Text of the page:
July 28, 2006

Boomer Cherry Trees Enter Retirement

Every tree-loving Atlantan knows about the Cherry Blossom Festival. Many have even attended the annual spring event in Macon, GA. The event celebrates the seasonal flowering of Yoshino cherry trees, and has been around for 24 years attracting hundreds of thousands of visitors during its 10-day stretch.

The Yoshino cherries, though, are in trouble. Macon residents, and the Macon City forester Mike Huffman, are well aware that this species of cherry is not a long-lived tree in middle Georgia. In fact, most of the 350,000 Yoshinos (yes, that many!) throughout Macon were all planted about about 35 years ago. This means that many of the trees are in varying stages of environmentally enduced decline, succumbing to the hot, dry summers of the region.

The Cherry Blossom Festival board has asked the city to begin monitoring the cherry tree population - possibly using GPS tracking for monitoring, routine inspections, and citizen education for the care of privately owned trees. The Festival board will also continue to plant more Yoshinos to help replace the aging population, and distribute free seedlings annualy.

The city and the festival board hope to become more proactive about cherry tree management, rather than reactive.

July 4, 2006

Speedier Building Permits Promised

The Arborist Division of the Atlanta Bureau of Buildings has pledged to speed up the plan review process for certain projects. Ainsley Caldwell, the new arboricultural manager for the division, has created a "No Trees Impacted" exception for plans. Normally, all trees that have any type of impact within their critical root zone must have an impact percentage calculated and noted on the site plans. The City requires a prescription for a tree when the impact ranges between 20 and 33 percent. Apparently, the new provision will allow for a site plan to state that no trees will be impacted when the calculated percentage is less than 20%. This could help some site designers turn around their work product faster when there are no trees present on the site, or if the trees will only be minimally impacted.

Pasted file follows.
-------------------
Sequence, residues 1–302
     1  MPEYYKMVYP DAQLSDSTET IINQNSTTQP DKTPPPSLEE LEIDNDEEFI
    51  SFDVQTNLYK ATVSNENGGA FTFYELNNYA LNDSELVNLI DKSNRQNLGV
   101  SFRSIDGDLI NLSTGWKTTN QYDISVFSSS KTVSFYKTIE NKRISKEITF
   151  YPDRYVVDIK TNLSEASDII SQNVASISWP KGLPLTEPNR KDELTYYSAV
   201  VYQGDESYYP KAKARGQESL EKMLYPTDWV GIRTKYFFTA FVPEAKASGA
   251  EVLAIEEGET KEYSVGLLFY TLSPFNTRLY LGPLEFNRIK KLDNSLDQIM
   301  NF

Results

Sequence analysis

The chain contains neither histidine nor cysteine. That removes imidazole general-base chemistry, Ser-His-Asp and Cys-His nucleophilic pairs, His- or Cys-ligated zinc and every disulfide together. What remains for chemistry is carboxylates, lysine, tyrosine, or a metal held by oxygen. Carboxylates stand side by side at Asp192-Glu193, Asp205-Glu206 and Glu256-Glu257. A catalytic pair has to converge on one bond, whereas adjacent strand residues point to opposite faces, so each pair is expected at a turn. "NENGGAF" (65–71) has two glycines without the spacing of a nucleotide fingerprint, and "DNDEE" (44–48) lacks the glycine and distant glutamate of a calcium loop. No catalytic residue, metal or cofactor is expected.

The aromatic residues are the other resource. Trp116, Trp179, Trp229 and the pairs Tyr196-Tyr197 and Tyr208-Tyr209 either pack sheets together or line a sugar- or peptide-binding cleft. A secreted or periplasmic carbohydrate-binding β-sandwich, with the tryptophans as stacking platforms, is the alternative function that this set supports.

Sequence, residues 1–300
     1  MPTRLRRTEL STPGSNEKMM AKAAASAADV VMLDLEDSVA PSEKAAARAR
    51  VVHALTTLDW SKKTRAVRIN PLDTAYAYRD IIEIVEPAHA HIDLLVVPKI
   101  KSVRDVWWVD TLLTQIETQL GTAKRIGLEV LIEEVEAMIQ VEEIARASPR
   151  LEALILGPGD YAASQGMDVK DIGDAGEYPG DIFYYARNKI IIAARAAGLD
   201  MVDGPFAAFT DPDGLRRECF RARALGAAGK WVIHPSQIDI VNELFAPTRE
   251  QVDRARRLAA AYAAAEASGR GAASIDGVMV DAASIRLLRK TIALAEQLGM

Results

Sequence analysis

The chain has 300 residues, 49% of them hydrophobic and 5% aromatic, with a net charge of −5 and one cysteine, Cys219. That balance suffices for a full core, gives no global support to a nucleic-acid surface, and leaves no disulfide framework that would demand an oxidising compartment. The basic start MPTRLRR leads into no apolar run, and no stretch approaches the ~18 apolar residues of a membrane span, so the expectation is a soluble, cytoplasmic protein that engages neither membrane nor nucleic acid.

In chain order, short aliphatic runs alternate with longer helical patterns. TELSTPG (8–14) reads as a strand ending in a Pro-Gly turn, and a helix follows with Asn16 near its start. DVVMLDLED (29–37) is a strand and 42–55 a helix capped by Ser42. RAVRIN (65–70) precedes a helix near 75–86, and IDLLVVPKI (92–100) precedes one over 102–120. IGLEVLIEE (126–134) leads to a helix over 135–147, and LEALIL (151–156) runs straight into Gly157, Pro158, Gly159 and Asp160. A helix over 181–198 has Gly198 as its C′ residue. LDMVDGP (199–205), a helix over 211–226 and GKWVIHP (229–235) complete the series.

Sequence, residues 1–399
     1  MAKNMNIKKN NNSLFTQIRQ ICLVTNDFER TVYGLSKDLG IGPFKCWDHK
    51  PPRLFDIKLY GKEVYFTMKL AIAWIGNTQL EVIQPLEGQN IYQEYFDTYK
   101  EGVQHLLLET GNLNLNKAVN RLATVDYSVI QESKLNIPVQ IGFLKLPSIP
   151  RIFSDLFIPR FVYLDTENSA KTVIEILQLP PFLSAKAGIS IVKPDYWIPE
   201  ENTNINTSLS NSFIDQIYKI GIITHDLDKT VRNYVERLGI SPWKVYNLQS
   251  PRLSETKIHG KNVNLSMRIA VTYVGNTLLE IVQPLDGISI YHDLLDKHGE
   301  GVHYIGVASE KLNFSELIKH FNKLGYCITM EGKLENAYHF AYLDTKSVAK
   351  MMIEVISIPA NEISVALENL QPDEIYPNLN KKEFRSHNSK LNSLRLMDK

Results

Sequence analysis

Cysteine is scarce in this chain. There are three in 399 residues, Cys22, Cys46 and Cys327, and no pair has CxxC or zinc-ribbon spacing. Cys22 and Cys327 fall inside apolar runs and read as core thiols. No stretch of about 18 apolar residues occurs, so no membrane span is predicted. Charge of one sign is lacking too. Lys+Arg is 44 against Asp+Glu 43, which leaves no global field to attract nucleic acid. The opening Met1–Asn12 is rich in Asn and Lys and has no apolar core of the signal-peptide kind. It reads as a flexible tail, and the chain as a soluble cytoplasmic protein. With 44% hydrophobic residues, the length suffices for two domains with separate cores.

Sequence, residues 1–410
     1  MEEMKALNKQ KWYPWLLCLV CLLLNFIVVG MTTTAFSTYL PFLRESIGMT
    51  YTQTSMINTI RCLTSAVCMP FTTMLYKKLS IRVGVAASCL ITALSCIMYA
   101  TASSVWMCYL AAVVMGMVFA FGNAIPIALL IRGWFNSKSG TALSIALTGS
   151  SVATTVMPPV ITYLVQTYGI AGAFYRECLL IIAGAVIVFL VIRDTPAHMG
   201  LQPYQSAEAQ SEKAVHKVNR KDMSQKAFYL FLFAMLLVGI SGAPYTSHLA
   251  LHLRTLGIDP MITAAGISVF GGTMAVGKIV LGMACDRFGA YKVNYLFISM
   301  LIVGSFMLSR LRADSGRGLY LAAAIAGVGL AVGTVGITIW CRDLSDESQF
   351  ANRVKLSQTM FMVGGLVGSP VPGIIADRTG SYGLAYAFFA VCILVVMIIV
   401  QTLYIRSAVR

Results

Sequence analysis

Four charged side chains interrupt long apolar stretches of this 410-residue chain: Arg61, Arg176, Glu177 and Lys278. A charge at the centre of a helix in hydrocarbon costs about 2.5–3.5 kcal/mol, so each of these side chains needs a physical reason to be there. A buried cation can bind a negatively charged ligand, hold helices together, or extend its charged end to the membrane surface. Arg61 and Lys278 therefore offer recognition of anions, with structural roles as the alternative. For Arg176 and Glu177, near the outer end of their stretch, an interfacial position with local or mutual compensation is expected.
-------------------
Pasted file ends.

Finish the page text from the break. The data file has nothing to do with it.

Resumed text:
The "No Trees Impacted" exception is part of Atlanta's Permitting Improvement Project initiated in April 2006. The goal of the project is to decrease the time it takes to issue a permit by 50 percent, by April 2007.